Sorry, @UrJac! You should sneak a, UrJac was here, in there and we can see if people are actually reading it. :wink:

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Oh, you know, you might be right…I think it is a category default. This one has strange rules all it’s own.

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Thanks for the explanation @Jules!

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Ok, I’m going for it! :slight_smile:

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Yes!

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if your item is square enough wouldn’t it be fastest to do alternating horizontal paths rotate 90 degrees then do the other half alternating?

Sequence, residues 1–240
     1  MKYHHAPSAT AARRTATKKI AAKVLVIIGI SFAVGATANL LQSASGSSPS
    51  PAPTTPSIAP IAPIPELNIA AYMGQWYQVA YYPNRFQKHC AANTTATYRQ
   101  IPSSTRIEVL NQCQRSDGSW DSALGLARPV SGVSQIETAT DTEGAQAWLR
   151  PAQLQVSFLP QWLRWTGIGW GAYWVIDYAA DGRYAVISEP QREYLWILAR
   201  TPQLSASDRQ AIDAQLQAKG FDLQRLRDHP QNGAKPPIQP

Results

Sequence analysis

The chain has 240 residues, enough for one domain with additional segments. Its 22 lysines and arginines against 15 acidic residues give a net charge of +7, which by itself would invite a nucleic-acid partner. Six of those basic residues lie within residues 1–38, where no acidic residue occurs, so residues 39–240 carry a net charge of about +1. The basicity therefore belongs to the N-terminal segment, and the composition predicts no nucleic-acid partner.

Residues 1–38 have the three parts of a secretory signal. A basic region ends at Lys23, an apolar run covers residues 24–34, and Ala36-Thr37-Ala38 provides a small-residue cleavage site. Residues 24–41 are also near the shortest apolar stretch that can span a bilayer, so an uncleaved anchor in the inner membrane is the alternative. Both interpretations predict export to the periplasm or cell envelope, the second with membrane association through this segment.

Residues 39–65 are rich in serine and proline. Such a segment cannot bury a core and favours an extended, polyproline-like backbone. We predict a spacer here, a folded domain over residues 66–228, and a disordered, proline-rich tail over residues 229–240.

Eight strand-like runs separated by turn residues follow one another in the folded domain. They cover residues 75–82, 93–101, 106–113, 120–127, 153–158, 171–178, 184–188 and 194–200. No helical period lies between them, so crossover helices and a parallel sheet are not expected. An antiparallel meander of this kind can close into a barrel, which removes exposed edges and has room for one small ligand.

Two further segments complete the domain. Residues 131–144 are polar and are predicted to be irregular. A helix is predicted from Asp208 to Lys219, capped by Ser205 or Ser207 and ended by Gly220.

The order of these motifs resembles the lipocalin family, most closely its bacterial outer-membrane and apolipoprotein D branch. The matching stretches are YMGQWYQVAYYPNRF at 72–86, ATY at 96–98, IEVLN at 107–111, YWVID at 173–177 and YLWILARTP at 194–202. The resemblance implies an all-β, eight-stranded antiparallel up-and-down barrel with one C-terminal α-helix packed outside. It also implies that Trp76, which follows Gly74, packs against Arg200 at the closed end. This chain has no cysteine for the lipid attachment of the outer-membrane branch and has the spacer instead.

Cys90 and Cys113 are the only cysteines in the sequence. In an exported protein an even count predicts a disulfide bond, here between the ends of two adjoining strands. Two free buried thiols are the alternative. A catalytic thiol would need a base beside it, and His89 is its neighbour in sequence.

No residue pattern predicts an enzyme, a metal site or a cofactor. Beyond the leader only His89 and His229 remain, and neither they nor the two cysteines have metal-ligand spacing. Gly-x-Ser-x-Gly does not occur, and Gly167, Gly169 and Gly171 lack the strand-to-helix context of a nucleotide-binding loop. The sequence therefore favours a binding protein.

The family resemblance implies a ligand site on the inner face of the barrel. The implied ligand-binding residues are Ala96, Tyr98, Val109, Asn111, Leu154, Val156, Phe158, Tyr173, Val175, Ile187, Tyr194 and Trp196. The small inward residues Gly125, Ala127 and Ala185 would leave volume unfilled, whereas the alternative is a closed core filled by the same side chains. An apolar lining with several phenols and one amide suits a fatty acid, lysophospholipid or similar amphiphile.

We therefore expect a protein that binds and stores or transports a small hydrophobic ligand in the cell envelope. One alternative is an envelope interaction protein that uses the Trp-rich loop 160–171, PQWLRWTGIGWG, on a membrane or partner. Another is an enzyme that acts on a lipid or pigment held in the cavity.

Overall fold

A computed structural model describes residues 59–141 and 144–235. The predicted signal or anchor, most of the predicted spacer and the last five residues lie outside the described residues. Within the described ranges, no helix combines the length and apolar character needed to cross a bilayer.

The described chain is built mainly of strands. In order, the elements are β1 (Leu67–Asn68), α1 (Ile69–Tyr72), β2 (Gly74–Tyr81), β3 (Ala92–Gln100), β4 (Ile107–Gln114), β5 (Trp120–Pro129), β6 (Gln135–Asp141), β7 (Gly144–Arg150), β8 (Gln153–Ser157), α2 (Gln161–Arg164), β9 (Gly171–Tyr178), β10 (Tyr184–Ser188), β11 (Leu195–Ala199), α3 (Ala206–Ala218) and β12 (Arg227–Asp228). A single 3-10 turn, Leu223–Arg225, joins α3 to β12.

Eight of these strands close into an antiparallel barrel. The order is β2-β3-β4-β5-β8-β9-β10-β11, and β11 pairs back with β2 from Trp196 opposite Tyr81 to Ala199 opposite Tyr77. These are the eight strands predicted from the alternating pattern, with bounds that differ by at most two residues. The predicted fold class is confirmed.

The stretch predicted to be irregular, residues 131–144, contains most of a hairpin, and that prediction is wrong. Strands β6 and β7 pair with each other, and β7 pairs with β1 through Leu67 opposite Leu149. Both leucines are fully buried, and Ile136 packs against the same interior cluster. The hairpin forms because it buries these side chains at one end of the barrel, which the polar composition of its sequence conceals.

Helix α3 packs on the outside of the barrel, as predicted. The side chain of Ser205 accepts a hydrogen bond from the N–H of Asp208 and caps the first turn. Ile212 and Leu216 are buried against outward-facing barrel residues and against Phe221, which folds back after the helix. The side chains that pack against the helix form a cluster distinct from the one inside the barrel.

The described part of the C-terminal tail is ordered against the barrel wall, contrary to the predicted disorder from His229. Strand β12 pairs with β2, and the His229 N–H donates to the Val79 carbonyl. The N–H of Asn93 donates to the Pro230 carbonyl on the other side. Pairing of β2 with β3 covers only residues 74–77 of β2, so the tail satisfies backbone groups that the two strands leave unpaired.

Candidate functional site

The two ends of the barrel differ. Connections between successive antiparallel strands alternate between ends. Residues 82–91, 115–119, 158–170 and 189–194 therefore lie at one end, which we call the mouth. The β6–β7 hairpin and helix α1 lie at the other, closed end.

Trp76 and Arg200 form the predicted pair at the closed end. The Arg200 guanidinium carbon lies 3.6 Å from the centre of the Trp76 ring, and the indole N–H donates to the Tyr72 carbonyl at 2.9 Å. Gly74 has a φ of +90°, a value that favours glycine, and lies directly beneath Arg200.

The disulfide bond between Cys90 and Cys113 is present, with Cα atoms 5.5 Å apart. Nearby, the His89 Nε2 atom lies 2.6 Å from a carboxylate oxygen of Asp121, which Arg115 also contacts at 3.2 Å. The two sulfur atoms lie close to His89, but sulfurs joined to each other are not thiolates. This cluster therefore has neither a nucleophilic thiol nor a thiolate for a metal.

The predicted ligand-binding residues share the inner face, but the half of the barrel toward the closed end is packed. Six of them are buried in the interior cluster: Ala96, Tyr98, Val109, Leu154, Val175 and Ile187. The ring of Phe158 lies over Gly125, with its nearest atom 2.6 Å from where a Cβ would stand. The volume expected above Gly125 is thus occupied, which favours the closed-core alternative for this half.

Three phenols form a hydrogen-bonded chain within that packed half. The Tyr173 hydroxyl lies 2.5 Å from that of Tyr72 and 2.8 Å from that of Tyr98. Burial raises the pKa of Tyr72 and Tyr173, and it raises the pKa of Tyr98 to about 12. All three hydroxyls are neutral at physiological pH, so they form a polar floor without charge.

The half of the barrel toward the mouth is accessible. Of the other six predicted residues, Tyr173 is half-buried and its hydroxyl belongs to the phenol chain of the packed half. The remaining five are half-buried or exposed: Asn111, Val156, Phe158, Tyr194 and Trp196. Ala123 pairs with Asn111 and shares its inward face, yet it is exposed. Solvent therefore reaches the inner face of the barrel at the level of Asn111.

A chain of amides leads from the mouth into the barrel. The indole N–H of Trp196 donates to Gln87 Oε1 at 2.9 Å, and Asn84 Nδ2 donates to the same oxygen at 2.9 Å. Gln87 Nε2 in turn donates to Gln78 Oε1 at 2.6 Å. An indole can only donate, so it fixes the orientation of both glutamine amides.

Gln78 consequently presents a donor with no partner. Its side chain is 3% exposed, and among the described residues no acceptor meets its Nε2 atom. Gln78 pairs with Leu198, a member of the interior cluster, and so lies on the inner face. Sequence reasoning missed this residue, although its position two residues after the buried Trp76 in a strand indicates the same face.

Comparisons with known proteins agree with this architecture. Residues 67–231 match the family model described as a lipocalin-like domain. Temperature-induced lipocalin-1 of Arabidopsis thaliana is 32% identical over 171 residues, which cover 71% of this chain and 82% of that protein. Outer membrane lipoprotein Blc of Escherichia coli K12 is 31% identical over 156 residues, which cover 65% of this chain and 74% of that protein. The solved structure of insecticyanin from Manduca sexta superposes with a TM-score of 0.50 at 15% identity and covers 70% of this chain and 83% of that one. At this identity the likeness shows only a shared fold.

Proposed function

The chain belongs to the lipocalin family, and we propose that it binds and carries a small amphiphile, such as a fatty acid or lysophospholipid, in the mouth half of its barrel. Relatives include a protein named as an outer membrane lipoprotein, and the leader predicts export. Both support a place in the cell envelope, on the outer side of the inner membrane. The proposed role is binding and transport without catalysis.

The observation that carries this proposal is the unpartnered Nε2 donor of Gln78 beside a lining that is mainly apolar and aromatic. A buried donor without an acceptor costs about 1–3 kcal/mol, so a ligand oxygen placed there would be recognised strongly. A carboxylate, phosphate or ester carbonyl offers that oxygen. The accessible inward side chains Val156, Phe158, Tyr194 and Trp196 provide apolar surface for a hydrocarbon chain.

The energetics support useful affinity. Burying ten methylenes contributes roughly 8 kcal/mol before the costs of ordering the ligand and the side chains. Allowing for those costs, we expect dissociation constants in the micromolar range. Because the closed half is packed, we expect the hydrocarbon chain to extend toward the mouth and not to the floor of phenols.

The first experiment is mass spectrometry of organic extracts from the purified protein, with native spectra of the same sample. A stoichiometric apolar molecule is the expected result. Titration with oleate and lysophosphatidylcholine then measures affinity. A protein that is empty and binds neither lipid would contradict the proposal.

Give it a shot! If it works, the Wiki is updateable :slight_smile:

no glowforge for me possibly until filter. :frowning: did not meet the GF nose standards.

this is great information. Thank you for sharing your insights!

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if your item is square enough wouldn’t it be fastest to do alternating horizontal paths rotate 90 degrees then do the other half alternating?

Yes it would. This really comes into play in commercial production lasers for cut sequencing, as well as tool path direction, and something we call slug-destruct, where additional cut paths, which aren’t related to the final part, but instead are to cut the waste into small enough parts that they don’t flip up and present a collision hazard to the laser head.

In the case of the GF, the crumb tray has a small enough honey comb and such low air pressure that it won’t cause a slug to flip into the head, and it doesn’t have a $500 ceramic nozzle & cone to destroy either.